SBD/June 27, 2013/Facilities

Wrigley Field To Get Landmark Commission Approval For Some Elements Of Upgrade Plans

Wrigley Field's proposed outfield signage changes continue to be an issue
Chicago Alderman Tom Tunney yesterday sent a letter to the Cubs saying that if the organization "wants his support" for its $300M Wrigley Field renovation plan, it will "need to cut by one-third the size of a left field video scoreboard and greatly reduce the size of a requested right field advertising sign," according to John Byrne of the CHICAGO TRIBUNE. Tunney's plan would see the Cubs "reducing the left field Jumbotron from 6,000 square feet to 4,000 square feet and the right field ad board from 1,000 square feet to 650 square feet." He said that he spoke to Chicago Mayor Rahm Emanuel about "those and three other specific changes he wants to the Cubs plan before sending the letter to team officials." Cubs VP/Communications & Community Affairs Julian Green reiterated the team's position, saying if team Owner the Ricketts family is to invest $300M in Wrigley upgrades, and another $200M for a hotel as part of the project, then "all elements" of the plan must be in place. But Tunney said that the team also will "need to get rid of a request for a pedestrian bridge over Clark Street," which Cubs Chair Tom Ricketts wants to "connect the ballpark to the hotel." Tunney: "I don’t think there’s a functional reason to put a bridge over Clark Street. To transport 175 hotel guests?" He said that he sent the letter yesterday, in advance of today's Commission on Landmarks meeting to consider the plan "because he needed to let his constituents know where he stands" (CHICAGO TRIBUNE, 6/27).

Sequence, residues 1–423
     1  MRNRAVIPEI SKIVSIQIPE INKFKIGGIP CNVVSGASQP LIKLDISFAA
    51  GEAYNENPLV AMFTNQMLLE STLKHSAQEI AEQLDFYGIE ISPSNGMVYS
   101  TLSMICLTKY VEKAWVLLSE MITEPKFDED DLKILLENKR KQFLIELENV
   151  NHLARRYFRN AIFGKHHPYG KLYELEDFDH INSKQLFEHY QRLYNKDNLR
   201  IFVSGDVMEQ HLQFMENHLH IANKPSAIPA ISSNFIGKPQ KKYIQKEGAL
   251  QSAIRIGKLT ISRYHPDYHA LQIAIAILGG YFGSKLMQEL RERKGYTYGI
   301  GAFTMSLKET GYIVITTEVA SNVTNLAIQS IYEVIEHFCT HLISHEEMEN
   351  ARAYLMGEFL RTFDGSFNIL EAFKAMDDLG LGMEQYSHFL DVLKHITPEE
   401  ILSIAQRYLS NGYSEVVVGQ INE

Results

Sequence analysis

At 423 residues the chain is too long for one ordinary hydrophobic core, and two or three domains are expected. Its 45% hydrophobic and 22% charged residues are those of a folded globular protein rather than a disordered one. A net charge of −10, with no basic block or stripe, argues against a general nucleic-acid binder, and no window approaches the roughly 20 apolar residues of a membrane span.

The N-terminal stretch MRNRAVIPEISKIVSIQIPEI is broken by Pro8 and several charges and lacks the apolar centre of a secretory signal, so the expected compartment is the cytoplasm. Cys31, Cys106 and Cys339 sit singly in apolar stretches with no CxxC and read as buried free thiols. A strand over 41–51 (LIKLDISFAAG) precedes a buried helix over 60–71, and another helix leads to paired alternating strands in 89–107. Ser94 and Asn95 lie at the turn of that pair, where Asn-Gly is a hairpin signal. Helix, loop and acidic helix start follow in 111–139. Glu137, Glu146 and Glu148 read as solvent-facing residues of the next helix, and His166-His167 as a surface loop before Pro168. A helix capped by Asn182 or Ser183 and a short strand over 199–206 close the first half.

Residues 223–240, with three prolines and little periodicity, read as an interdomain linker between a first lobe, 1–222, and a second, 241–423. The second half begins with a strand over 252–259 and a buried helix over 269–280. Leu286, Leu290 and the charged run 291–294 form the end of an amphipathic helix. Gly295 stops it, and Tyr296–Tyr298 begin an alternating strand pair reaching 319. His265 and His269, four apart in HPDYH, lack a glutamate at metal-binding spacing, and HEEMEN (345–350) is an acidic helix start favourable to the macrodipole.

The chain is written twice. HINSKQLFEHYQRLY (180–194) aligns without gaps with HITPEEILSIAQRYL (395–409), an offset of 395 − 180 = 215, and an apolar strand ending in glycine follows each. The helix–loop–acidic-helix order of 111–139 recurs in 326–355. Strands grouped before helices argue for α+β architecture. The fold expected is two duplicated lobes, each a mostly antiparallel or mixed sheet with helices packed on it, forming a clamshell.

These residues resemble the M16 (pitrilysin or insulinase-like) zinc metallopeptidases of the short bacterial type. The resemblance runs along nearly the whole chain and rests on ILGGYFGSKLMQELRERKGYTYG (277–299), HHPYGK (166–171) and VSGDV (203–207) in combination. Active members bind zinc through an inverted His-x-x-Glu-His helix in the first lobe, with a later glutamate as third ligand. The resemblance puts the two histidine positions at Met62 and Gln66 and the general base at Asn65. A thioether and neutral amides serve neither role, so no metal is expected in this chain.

MEETING IN THE MIDDLE: In Chicago, Fran Spielman reports the Landmark Commission will "hold off on outfield signs, but give the Cubs the go-ahead Thursday to extend outward the right- and left-field walls of Wrigley Field, build a new western entrance, remodel the dug-out and build a new Captain Morgan Club." Sources said that the decision to "postpone until a regularly-scheduled July 11 meeting a vote on the two most controversial elements of the Wrigley project -- a 6,000 sq.ft. video scoreboard in left-field and a 1,000 sq.ft. see-through sign in right -- is a concession" to Tunney. The delay "gives him two more weeks to try and wring those concessions" out of the Cubs, provided Emanuel "stands behind him" (CHICAGO SUN-TIMES, 6/27).
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